I’ll take a few paragraphs to develop the analogy.
Our pregnancy begins after something like the negotiation Mary makes with the angel in Luke 1. God proposes the pregnancy, and we reflect on its impact. At some point, we accept the proposal. Then, like Mary, we receive God’s sperma (pardon my Greek).
The pregnancy analogy relies on the same idea of seed found in some “born again” scriptures. Peter writes that we have received incorruptible seed (1 Peter 1:23). It is “receiving” in this sense of receiving seed that John writes about in a famous passage:
But as many as received him, to them gave he power to become the sons of God, even to them that believe on his name: Which were born, not of blood, nor of the will of the flesh, nor of the will of man, but of God. (John 1:12-13, KJV)
Though the seed inside us is incorruptible, it starts small and grows. Think of Jesus’ farming analogies, most notably the parables of the sower, the mustard seed, and this harvest parable:
He said, ‘The kingdom of God is like this. A man scatters seed on the ground; he goes to bed at night and gets up in the morning, and meanwhile the seed sprouts and grows-how, he does not know. The ground produces a crop by itself, first the blade, then the ear, then full grain in the ear; but as soon as the crop is ripe, he starts reaping, because harvest time has come.’ (Mark 4:26-29, REB)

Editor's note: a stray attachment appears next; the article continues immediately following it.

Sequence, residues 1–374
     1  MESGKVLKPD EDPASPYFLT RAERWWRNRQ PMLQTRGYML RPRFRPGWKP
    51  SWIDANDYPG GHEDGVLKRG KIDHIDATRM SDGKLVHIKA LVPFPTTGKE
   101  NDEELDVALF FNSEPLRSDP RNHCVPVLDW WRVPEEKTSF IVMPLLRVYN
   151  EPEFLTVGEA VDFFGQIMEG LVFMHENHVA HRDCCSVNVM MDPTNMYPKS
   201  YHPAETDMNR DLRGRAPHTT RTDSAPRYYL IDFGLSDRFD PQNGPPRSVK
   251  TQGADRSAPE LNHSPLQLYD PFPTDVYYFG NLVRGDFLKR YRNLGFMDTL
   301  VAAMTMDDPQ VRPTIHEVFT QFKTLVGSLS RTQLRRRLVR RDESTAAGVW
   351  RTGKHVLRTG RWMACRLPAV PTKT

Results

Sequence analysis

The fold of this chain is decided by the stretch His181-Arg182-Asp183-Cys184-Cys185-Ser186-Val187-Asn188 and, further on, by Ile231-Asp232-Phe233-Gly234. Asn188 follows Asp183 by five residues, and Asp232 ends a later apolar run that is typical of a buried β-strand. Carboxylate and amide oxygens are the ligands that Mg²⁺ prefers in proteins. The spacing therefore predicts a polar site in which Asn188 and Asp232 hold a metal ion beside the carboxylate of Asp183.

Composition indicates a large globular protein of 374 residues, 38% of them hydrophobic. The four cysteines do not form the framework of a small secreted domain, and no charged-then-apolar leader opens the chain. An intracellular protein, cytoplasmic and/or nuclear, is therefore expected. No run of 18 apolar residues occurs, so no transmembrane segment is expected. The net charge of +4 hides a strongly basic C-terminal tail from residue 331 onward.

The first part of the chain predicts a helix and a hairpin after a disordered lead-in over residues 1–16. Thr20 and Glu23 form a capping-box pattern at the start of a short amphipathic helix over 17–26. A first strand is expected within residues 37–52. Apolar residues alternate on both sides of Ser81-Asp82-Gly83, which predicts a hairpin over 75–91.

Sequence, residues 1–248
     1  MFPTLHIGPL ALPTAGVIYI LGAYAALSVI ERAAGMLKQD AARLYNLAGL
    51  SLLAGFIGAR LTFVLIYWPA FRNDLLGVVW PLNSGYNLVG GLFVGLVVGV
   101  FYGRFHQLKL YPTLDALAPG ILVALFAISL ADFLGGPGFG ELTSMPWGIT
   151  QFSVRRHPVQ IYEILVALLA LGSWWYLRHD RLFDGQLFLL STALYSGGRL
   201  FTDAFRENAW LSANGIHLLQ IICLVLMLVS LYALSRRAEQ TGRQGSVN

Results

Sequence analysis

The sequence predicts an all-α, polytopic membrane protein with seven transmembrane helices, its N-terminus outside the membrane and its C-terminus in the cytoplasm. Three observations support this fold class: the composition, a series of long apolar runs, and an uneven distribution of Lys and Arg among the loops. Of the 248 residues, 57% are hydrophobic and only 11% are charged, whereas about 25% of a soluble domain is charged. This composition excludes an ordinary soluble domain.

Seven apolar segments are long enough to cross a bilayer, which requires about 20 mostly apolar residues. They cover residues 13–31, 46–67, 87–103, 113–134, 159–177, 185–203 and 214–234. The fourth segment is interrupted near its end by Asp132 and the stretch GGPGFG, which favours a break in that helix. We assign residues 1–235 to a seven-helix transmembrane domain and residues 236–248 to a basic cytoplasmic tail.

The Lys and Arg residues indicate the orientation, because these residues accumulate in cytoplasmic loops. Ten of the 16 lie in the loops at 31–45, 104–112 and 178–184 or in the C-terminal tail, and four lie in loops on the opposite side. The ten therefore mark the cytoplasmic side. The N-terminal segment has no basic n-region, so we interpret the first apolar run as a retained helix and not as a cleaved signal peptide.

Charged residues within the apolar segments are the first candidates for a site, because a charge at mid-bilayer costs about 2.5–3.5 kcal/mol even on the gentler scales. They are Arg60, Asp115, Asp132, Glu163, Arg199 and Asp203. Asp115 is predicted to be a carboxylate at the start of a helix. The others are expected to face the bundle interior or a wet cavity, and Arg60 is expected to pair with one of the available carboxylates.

The harvest, which Jesus equates in other parables with the end of the world, is like birth. Until our child’s birth, we’re carrying something alive and growing. We’re carrying the “new self” that Paul describes as “being renewed to a true knowledge according to the image of the One who created him . . .” (Col. 3:10, KJV)
We carry the seed of our own hope around in us. “Christ in you, the hope of glory,” as Paul’s letter to the Colossians puts it.
Here’s how the resurrection is equated with birth. In Paul’s writings, Jesus is the “firstborn from the dead.” (Col. 1:18) He is also the “firstborn among many brethren.” (Rom. 8:29) (Paul so equates the resurrection with birth that he uses a gestation verse to back up his assertion that Jesus rose from the dead: